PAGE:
It may look a little sportier, but it doesn’t behave or handle any differently from lower-priced versions. All CVT-equipped models come with a Sport button on the shifter that alters the ratios of the belts and pulleys, but that’s all. In practice, it’s the equivalent of holding lower gears through the corners and it does work well, but the car doesn’t stick to the road any better. For most drivers, the “sportier feel” will be all in their heads, anyway.
The larger wheels on the SR trims do hurt fuel consumption with their greater rolling resistance, but not much. The regular CVT trims have an official rating of 8.0 L/100 km in the city, with 6.0 on the highway and 7.1 combined., while the SRs return 8.2 in the city, 6.2 on the highway, and 7.3 combined. The 6-speed manual rates at a thirstier 9.4 city, 6.4 highway, and 8.0 combined.
The Sentra does look good, though. It’s very well fitted and finished, and the interior is nicely refined without being remarkable. The seats are now Nissan’s more comfortable “zero-gravity” units, similar to those in the larger Altima and Maxima sedans.
There’s contrast stitching and a leather feel for the “Prima-Tex appointed seat trim” in the SR Premium, as well as the leather-wrapped steering wheel of the SV and up, and the leather shifter knob that’s found in the SR and up. Like most “affordable” cars, you have to pay extra for these little touches that make all the difference.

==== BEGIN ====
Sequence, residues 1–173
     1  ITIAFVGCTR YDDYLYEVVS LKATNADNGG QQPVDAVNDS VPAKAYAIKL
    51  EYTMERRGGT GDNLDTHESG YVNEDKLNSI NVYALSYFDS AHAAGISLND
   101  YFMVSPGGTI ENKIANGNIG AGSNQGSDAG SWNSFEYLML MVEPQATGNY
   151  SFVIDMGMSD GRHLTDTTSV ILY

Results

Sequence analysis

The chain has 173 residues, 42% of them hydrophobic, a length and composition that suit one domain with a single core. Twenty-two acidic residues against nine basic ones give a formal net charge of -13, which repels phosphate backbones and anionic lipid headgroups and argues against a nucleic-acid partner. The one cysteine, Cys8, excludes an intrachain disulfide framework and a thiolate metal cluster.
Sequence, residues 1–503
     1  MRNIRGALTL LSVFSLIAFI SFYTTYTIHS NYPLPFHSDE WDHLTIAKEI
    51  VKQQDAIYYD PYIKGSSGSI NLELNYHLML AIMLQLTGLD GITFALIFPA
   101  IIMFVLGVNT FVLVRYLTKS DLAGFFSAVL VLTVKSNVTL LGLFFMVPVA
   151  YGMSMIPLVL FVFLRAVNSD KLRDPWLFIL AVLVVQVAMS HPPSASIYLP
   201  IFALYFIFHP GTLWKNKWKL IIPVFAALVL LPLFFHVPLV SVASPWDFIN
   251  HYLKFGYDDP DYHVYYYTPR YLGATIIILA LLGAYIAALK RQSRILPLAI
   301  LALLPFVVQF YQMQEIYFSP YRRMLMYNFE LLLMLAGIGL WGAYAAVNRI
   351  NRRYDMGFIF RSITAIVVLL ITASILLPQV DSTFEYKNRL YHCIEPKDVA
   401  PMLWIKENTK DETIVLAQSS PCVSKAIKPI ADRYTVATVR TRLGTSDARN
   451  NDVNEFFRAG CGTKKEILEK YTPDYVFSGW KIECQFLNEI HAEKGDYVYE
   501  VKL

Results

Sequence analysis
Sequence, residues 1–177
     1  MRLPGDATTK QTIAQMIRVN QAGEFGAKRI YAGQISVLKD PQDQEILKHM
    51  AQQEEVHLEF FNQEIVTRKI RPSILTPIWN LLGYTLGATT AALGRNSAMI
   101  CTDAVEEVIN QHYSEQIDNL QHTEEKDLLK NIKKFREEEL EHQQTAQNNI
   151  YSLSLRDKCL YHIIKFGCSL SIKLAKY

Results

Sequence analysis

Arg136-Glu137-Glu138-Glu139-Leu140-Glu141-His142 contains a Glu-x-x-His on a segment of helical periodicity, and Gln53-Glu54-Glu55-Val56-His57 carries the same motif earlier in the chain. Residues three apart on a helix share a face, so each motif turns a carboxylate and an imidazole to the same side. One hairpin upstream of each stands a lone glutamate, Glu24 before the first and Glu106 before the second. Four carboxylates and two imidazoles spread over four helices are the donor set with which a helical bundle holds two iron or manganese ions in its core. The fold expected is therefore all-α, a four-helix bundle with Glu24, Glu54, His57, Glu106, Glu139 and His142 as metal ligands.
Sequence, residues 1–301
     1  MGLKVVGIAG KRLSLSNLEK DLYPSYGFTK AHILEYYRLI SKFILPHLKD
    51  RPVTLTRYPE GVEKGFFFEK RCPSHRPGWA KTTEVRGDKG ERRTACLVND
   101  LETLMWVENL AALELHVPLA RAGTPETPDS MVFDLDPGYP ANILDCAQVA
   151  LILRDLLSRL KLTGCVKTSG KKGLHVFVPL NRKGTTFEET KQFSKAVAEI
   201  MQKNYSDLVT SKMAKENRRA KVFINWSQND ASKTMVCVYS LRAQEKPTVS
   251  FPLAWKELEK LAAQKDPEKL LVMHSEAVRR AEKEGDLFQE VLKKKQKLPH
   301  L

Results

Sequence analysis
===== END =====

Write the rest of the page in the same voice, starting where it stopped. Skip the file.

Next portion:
Inside, there’s a surprising amount of space. Even with the front seats set back for their occupants’ comfort, there’s enough legroom to keep my size-13s from cramping, and enough headroom to avoid a crick in my 6-foot frame. There’s even enough width to allow three full-sized passengers to sit in the back without fighting – at least, not for the first 10 minutes or so.
The rear seat folds down in a 60/40 split to allow extra room for luggage in the trunk if needed, but it’s reasonably spacious in there. Most sedan owners will never fold those seats down anyway; to do so is an admission they should have bought an SUV, like their parents.
The new platform now includes independent multi-link suspension in the rear and a dual-pinion rack electric power steering system. They work well, but not really any better than other systems in competitive vehicles. I’d have liked the steering to tighten up a little when the Sport button is pushed, as it does in Hyundais, to give just a little more of that jolted-up drive feel on a winding road, but what’s there already is fine.
And that’s the new Sentra. It’s fine. It’s just fine. It’s not remarkable in any one way, but I must admit my standards for such affordable vehicles are considerably higher now than they were one or two generations ago (and night-and-day above three generations previous).
Most of the competition, such as the Honda Civic, Toyota Corolla and Hyundai Elantra, also succeeds at the challenges the Sentra has taken on, and each in its own way. But Nissan’s compact sedan comes through with pretty much everything you could want for the money. In the end, in this market, that’s what it comes down to: Make sure it’s a good car in everything that’s asked of it, and then make sure it’s not overpriced. If Nissan does that with the Sentra, it’ll sell a billion of them.